Monica:  The Bride and The Bridegroom: A Spiritual Romance, Changed: In the Heat of The Fire, and the upcoming book launching in early Sept….Over There: Raindrops of Reflection all of these books are part of a series called, “Sleeper Awake!”

Monica Hudson Cover

RARA: How are you currently marketing your book and what has given you the best results?

Monica:  My website acts as the motor that drives everything else around it, from platforms such as Facebook, Linkedin, Twitter, Stumbleupon, Goodreads. The internet is full of information to market your books and company from literary magazines, radio commercials, blog talk radio, writing news, newsletters, having a blog page and book trailers are absolutely fun and entertaining to showcase your work to the public.

RARA: Are there any books or websites that you have found the most useful?

Monica:  Yes. The Self-Publishing  Manuel by Dan Poynter, The Well-Fed Writer by Peter Bowerman, Creating Multiple Streams of Income with Information Products by Antonio Crawford, Pam Perry (marketingministriessolutions.com,www.EzineArticle.com.

RARA: What has been your greatest challenge in self publishing?

Monica:  Balance. It’s not as easy as it looks – editing, layouts, design, marketing and distribution can take away from family and even friends so give yourself some space.

RARA: What is the best advice or tip you can give a new and aspiring author?

Monica:  Vision. Create right from the start a vision for your customers of your company, brand and reading. Make yourself stand out and make yourself available to your readers.

 

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Word on the Street with Ralph Morin

Through my years in publishing, I have worked with some really great authors.  All of these authors approach self publishing with their own agenda and expertise.   Since the whole point of my blog and book is to look at the reality of self-publishing, I thought it would be nice to do a series of author interviews.  Welcome to ‘Word on the Street’.

My author interviews will consist of 6 questions about them, their book and their experience.  You will get the good, the bad and the ugly.  Not all real self publishing stories are full of rainbows and butterflies – it can suck sometimes too.

Come on down, Ralph Morin:

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Real Answer Real Authors: Why did you decide to publish?

Ralph:  I felt that I had something interesting to say and thought that by writing a book that it would be read by people who would be interested in the subject matter.

RARA: What titles have you published to date?

Ralph:  “The Cold War: A Remembrance”, “The Autobiography of Eve”, “The Autobiography of Eve: Empire”.

Ralph Morin Cover

RARA: How are you currently marketing your book and what has given you the best results?

Ralph:  Since I am deeply involved in another and completely different  project, I am not currently paying much attention to marketing, although I occasionally get a sale or two from the exposure that I first developed.

RARA: Are there any books or websites that you have found the most useful?

Ralph:  A couple, but I have forgotten what they were and I suspect that they would be out of date by now.

RARA: What has been your greatest challenge in self publishing?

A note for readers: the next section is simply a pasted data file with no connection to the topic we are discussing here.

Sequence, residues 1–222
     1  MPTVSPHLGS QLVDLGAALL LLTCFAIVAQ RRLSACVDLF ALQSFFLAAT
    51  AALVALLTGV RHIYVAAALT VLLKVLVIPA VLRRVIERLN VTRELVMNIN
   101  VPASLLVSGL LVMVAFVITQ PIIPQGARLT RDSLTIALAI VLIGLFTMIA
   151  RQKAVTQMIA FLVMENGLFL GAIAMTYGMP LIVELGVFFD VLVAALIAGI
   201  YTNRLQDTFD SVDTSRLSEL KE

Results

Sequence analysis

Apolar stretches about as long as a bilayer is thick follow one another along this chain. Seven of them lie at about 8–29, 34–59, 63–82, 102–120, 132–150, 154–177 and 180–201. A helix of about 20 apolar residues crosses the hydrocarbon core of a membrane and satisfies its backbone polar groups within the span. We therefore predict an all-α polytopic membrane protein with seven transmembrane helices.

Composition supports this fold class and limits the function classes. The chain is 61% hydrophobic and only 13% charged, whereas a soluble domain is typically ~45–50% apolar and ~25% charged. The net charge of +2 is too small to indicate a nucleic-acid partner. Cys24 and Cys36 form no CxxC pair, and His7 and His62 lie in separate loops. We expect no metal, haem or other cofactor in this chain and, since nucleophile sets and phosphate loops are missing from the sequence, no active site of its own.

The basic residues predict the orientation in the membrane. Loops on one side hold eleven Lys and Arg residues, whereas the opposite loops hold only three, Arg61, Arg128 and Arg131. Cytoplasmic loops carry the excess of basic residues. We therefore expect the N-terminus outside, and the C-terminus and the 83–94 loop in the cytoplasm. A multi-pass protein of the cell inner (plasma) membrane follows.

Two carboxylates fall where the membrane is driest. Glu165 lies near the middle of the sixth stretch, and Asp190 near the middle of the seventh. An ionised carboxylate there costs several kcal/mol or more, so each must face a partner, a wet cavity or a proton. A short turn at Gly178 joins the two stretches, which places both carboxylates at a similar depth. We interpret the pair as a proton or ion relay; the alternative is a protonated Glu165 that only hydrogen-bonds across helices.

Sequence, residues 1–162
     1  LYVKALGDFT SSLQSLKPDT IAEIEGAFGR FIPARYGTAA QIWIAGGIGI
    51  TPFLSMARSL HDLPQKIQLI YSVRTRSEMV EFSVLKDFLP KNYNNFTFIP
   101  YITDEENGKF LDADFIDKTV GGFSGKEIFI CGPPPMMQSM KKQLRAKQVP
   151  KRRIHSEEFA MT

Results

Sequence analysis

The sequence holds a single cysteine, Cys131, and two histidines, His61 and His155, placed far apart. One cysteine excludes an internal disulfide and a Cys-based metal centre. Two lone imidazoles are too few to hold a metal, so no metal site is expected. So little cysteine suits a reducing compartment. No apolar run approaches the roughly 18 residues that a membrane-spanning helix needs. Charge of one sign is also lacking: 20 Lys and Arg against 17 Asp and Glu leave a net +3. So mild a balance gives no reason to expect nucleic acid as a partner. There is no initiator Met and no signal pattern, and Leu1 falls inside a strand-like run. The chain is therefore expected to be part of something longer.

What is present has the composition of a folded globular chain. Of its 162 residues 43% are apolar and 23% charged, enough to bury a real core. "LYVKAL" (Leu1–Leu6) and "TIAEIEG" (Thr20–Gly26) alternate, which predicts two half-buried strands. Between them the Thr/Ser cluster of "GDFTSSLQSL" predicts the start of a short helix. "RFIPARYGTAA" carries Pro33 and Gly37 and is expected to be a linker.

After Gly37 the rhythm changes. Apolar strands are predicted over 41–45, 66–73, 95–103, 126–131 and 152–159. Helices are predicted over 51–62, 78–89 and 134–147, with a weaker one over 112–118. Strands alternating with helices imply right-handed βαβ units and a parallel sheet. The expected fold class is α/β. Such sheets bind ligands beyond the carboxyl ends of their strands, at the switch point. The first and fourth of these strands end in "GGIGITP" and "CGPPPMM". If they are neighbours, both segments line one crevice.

Ralph:  Hitting the promotion trail and sticking with it.

RARA: What is the best advice or tip you can give a new and aspiring author?

Ralph:  Be prepared to NOT hit it rich right away. it will take time and maybe even not pan out, but at least you will have something to leave as a good legacy.

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ABOUT THE AUTHOR

A little music, if you please. I’ve always had music intertwined with my life, Born in the middle of the 1930‘s depression and spending my formative years during the cataclysmic World War Two era, I was surrounded by the glorious music of the forties; the show tunes, the classical music, the love songs, the martial music. It has had a lasting effect on the things that I do and the way that I live.

Early on, I found that writing was a great way for me to meet some of the responsibilities of school. I received praise from an English teacher in high school for an essay that I had spontaneously composed. It inspired me to continue, but the draft intervened.

After a four year period in the Air Force during the Korean “Police Action”, I attended UCLA film school, studying under such luminaries as Jean Renoir, Alfred Hitchcock, Stanley Kramer and many other award winning directors and producers. I made my way, albeit sometimes somewhat shakily, through the sixties. My output during those times consisted of educational, documentary, industrial and short entertainment films, which I usually wrote and produced. Some of my clients included CBS Educational, Encyclopedia Britannica, Rocket dyne, Lockheed, Volkswagen of America and Nissan.

The next phase of my life centered around developing and operating an Electrical Contracting business in Los Angeles, something which fit into my background of engineering which I had acquired at the University of Denver right after I left the Air force. I was a State of California licensed Electrical Contractor until 1999, all the while keeping my hand in the film business by writing and producing home-made backyard films.

In 2008, I began a script than dealt with the Cold War, a period which I know intimately. After developing the idea, I realized that it would have to be a rather longish film, so I decided that it would be best treated as a television series rather than one long film. The more I wrote, the longer it became; after all, the Cold War period ran from the mid 1940’s until 1990, about 45 years. After the script was finished, it dawned on me that if I ever hoped to get it sold, it might be a good thing to start as a book and continue from that point of view,  and so I wrote the book from the script.